There are more questions than answers as to why the board of directors of Hartford HealthCare Corp. summarily let go all the members of its in-house investment staff on Sept. 20 without warning. The board then turned to an OCIO model for management of $4.3 billion in the company's defined benefit and endowment funds.
Hartford HealthCare's board of directors approved the hire of Morgan Stanley as the firm's OCIO manager to replace the internal investment team, a statement from the company said.
Morgan Stanley manages $62.4 billion of outsourced assets under management as of March 31 and ranked 12th in Pensions & Investments' annual OCIO survey.
The change to an OCIO approach for investment management is puzzling, observers say, given that the investment team, led by CIO David J. Holmgren, has had strong returns over the years, including producing a 1.1% gain in the three months ended March 31 while the policy target was down 3.8%.
In contrast, Mercer reported a 5.1% median decline for endowments in the first quarter of 2022.
Over several periods ended March 31, Hartford HealthCare's returns easily outpaced its policy benchmark: the one-year return was 14.5% (policy target, 7.1%); 12.2% over five years (8.9%); 10.1% for the seven-year period (7.2%); and 10.1% over the past 10 years (7.5%).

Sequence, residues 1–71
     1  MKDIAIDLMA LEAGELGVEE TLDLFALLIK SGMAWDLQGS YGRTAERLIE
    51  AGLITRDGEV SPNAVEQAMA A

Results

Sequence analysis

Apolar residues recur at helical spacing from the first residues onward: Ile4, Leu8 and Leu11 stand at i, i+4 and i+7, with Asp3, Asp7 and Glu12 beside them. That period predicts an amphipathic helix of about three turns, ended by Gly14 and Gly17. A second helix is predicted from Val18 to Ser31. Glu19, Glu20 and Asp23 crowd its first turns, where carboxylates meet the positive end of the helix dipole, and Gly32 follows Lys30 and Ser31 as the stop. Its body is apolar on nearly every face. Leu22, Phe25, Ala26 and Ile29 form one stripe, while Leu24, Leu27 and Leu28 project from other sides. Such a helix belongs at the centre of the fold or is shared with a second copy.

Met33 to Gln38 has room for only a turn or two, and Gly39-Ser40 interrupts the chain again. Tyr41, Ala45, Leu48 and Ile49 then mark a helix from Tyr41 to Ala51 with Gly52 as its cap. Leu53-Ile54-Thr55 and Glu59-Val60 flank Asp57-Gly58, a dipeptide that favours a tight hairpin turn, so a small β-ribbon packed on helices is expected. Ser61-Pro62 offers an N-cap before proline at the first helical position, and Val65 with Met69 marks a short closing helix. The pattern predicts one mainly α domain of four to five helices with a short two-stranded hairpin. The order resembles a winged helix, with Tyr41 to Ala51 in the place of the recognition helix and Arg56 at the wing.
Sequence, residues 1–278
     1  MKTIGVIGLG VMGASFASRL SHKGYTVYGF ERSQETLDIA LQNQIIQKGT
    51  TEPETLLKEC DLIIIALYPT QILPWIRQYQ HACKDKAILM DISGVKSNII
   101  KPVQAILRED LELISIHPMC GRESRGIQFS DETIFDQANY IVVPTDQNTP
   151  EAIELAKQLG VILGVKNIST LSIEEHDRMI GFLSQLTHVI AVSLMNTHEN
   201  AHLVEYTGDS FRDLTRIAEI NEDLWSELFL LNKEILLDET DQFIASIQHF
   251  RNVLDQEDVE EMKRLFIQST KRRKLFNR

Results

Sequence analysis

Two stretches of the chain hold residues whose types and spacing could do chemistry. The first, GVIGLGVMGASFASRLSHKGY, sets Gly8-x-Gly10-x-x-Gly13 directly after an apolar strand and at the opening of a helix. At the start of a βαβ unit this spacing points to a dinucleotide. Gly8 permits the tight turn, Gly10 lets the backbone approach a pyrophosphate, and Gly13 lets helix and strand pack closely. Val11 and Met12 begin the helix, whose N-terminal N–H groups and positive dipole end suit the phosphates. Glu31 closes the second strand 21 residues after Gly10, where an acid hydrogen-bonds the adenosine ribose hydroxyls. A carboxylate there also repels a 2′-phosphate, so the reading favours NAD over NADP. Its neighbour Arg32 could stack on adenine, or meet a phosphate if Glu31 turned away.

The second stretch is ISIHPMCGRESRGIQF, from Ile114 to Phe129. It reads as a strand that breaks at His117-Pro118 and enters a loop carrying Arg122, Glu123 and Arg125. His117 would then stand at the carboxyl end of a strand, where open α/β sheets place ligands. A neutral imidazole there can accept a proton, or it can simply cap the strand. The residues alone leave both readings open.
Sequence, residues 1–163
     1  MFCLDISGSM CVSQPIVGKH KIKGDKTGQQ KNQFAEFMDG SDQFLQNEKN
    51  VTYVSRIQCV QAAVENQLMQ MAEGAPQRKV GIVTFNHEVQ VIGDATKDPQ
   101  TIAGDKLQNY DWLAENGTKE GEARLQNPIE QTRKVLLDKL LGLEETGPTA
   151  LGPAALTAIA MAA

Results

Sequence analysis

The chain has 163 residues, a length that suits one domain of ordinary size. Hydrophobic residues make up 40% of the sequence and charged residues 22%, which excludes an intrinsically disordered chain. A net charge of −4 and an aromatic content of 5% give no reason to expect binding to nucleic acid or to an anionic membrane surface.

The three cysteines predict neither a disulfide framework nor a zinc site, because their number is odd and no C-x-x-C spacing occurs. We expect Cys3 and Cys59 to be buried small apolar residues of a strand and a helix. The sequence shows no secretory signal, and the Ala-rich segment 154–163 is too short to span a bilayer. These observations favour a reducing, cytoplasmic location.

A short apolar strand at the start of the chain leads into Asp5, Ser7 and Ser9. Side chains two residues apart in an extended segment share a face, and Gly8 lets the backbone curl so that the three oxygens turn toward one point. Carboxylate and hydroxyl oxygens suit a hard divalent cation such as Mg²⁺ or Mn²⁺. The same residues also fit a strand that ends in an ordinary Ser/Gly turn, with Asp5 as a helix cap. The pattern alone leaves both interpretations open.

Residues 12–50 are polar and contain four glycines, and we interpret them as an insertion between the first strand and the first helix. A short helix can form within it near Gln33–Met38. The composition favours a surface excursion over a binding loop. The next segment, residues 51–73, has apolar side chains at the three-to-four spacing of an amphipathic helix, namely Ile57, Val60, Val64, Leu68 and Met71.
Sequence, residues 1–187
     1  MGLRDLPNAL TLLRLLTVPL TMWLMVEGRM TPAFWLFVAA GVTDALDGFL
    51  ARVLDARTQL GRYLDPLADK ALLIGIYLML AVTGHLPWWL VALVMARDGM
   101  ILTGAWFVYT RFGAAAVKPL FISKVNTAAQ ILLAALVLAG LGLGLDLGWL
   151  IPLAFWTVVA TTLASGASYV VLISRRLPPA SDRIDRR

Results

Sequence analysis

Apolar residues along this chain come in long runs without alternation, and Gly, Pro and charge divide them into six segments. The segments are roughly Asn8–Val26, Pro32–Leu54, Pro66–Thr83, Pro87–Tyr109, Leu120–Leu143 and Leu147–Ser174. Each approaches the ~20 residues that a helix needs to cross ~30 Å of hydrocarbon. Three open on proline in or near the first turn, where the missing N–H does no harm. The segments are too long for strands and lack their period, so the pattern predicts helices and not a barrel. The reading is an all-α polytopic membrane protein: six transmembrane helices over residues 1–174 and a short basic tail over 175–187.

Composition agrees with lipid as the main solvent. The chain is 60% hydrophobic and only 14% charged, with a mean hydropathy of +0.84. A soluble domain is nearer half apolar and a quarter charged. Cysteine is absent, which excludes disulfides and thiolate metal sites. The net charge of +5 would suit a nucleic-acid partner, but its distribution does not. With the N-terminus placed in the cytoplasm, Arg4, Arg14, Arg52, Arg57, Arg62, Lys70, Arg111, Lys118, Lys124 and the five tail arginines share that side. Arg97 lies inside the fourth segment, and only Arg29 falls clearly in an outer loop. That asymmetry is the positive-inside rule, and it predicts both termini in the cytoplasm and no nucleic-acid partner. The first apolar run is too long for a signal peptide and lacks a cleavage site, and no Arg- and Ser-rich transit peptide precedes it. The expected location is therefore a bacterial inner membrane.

For the fiscal year ended June 30, Hartford HealthCare returned 1.3% in a year when most peers were posting negative returns.
Mr. Holmgren was not available for comment.
Investment team members were surprised by Hartford's move to OCIO.
The seven members of the company's investment committee had no idea that the board of directors of Hartford, Conn.-based Hartford HealthCare had decided to scrap internal investment.
A meeting with the investment committee was hastily called on Sept. 20 and it was only then that members of the investment committee learned that Hartford Health-Care's board approved the dismissal of the internal investment team and move to Morgan Stanley.
Five of the seven people serving on the investment committee resigned after the meeting. Among them was David M. Roth, chairman of the Hartford HealthCare investment committee.
A request for interviews with Jeffrey A. Flacks, the company's president and CEO, and Chibueze Okey Agba, executive vice president and chief financial officer, to explain the change to an OCIO manager was not granted.
It's not unusual for non-profit health-care companies like Hartford HealthCare to hire OCIO managers, because many have multiple complex pools of assets ranging from defined benefit plans, endowments, operating funds, donor funds, foundation funds, self-insurance and reinsurance pools and more, said an OCIO specialist who spoke on background.
While internal investment teams often do manage these pools it can be difficult to maintain the team and hold on to employees who are recruited away by other companies, said the source.
Moving to an OCIO investment model provides stability in running a firm's funds because the manager has large teams to handle investments. Larger OCIO providers also tend to get preferential pricing from the underlying fund managers in the program, savings which are passed down to OCIO clients, according to the source.